Tree Squirrels

An Eastern gray squirrel runs across a gray, concrete road with a peanut in its mouth.

Photo: Sheila Newenham

Did You Know?

Tree squirrels are rodents and are in the same order (Rodentia) as the ground squirrels, mice, rats, voles, muskrat, beaver, plains pocket gopher, and southern bog lemming.

Species Spotlight

Learn more about tree squirrels in Illinois in OutdoorIllinois Journal:

Positive Benefits

Squirrels are a source of food for owls, foxes, and other predators. They are also important to the ecosystem because they distribute nuts and acorns across the landscape.

Description & Identification

Four species of tree squirrel occur in Illinois. All are small mammals characterized by a long and bushy tail, prominent ears, and long hind feet. None of the tree squirrels hibernate, but they do have periods of reduced activity during severe cold weather.

Fox squirrel (Sciurus niger): The fox squirrel is the largest tree squirrel in Illinois, weighing 1¾ to 2 pounds and having a length of 19½ to 22 inches. The fur is a mix of rusty-yellow with black giving an overall reddish cast. The fur on the ears, belly, and edge of the tail is lighter.

Eastern gray squirrel (Sciurus carolinensis): The gray squirrel typically weighs 1¼ pound and has a length of 17¼ to 18¼ inches. The fur is gray on the back and white to light gray on the belly. Melanistic (black), leucistic (white), and albinistic (albino) variants occur in Illinois. For example, squirrels with black fur can be found in Fisher and in Gibson City, and squirrels with white fur are common in Olney and in northeastern Illinois.

Red squirrel (Tamiassciurus hudsonicus): The red squirrel is smaller than the fox or gray squirrel, weighing approximately ⅖ pound and has a length of 11½ to 13½ inches. The fur is reddish gray on the back and whitish on the belly. Ear tufts are present in winter. Red squirrels can be found in the northeastern counties of Illinois.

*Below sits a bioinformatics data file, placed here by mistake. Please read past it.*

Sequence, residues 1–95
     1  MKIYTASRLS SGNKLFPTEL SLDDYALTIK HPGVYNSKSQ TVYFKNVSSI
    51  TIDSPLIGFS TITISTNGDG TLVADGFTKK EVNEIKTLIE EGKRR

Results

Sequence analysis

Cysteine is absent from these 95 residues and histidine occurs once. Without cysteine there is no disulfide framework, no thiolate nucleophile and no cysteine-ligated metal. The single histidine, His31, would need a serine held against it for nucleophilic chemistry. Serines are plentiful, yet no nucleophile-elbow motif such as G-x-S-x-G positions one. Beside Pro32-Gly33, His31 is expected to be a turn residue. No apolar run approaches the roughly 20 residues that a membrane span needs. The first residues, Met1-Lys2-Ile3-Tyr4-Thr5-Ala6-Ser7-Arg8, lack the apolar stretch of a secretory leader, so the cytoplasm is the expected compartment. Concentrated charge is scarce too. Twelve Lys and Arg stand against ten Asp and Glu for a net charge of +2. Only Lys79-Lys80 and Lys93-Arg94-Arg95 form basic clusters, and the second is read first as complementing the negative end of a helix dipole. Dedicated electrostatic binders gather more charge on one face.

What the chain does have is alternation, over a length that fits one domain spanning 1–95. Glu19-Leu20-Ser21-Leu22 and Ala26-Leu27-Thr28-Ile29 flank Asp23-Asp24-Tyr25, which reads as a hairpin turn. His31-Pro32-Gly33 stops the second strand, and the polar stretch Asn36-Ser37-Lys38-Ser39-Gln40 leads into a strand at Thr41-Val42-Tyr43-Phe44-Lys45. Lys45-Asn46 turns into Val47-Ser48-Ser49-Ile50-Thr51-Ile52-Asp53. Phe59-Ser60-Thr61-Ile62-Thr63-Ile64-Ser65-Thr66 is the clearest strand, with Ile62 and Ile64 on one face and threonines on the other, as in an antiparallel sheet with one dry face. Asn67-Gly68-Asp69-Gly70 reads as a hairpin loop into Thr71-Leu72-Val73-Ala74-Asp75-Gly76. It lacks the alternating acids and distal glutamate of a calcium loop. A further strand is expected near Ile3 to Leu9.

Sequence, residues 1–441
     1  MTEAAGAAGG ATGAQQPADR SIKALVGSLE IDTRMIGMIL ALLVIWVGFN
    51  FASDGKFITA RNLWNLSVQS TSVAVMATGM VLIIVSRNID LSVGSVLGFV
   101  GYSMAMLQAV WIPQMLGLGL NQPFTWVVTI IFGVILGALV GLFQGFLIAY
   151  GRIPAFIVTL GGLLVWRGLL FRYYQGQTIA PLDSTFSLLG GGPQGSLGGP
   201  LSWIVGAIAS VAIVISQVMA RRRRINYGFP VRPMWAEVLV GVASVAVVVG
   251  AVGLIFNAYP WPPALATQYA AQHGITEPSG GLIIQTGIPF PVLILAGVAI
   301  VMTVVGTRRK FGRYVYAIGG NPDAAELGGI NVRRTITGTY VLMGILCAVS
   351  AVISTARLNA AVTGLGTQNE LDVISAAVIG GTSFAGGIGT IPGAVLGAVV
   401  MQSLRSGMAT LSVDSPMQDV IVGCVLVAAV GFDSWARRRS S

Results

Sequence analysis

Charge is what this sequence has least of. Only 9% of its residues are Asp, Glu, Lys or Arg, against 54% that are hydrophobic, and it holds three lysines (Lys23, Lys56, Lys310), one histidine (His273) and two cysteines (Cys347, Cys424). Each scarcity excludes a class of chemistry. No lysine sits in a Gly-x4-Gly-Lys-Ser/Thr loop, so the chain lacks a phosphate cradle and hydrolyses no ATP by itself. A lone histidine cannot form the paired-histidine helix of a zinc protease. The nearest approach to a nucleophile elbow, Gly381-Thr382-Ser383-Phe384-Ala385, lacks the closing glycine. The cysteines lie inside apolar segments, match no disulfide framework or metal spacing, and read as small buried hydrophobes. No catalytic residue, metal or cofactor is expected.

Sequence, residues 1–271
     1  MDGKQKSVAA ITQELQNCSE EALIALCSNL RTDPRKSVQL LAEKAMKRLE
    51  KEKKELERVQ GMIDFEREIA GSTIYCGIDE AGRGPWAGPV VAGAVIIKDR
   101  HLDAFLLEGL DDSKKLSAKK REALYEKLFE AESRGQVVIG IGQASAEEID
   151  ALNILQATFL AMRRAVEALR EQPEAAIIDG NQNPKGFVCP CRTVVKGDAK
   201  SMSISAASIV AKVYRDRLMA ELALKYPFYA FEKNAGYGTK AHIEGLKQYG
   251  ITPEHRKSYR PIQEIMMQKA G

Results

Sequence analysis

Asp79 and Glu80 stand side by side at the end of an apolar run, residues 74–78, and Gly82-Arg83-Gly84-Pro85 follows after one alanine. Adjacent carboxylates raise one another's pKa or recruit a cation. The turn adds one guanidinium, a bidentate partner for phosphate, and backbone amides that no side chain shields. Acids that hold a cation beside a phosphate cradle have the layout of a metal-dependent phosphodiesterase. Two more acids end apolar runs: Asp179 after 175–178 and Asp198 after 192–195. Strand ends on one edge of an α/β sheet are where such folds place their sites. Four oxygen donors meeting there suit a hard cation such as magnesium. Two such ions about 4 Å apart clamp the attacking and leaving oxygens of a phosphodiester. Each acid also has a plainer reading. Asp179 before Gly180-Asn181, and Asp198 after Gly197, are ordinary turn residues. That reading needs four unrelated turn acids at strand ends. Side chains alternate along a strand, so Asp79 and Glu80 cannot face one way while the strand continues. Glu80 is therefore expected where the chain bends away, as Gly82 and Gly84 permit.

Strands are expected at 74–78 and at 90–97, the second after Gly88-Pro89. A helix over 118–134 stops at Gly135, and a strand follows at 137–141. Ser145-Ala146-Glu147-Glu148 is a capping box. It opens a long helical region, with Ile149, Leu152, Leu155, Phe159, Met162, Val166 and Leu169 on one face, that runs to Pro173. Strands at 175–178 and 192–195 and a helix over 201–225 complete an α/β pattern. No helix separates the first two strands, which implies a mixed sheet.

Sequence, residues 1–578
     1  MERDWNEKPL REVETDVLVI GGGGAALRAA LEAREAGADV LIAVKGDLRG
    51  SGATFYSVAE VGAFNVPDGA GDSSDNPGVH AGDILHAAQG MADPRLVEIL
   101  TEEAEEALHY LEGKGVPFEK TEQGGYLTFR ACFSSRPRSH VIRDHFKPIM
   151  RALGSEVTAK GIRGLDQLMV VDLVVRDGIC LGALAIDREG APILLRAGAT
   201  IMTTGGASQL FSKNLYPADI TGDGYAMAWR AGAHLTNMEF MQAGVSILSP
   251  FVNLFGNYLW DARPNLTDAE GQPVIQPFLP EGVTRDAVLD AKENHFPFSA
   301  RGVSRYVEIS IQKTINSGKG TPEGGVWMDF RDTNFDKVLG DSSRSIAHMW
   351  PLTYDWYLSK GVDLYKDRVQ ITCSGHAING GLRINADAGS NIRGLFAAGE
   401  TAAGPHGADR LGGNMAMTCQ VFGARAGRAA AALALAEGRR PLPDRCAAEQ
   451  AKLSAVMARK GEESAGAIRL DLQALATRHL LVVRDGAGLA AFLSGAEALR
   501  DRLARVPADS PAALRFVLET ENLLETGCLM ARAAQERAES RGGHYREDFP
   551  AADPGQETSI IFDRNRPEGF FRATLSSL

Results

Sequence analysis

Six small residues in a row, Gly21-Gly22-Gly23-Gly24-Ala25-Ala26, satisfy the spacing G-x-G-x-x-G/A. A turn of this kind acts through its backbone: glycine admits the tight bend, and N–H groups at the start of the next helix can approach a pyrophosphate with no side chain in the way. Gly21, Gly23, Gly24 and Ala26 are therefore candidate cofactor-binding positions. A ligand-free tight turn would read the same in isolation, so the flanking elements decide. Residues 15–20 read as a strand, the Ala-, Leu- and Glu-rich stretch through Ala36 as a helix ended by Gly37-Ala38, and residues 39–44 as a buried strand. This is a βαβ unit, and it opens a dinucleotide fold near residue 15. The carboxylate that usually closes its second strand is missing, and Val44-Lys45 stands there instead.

Southern flying squirrel (Glaucomys volans): The southern flying squirrel is the smallest tree squirrel in Illinois; weighing approximately 2 ounces, and has a length of 8⅝ to 9¾ inches. Their fur is glossy gray to cinnamon brown on the back and white on the belly. The eyes are large, and the tail is flattened. This squirrel appears larger than it is because of the folds of skin on either side of the body that extend from the wrist to the ankle. This feature gives the squirrel its gliding capability.

Distribution & Abundance

Fox squirrels are common throughout Illinois, even in urban areas. Loss of mature, wooded habitat has decreased the population of gray squirrels in Illinois, although they remain common throughout the state and are locally abundant in urban areas. Red squirrels are found only in the northeastern part of the state, particularly along the Kankakee and Iroquois Rivers. Southern flying squirrels are found throughout Illinois but are most abundant in southern Illinois.

Behavior & Ecological Role

Fox, gray, and red squirrels are diurnal, meaning that they are active during the day. Southern flying squirrels are nocturnal and are active at night. All tree squirrels are active year-round, although they will take shelter in their nests during extreme cold weather. Fox and red squirrels spend more time on the ground than gray squirrels. Due to the extra skin on their sides, southern flying squirrels are able to glide from tree to tree, but they are not able to fly as their name suggests. All tree squirrels are solitary; however, since they are not territorial many may be seen in close proximity to each other, particularly if there is a good supply of food. The young often stay near the female until the next litter is born. Nests in tree cavities are preferred, but when cavities are not available squirrels will build nests of leaves in trees.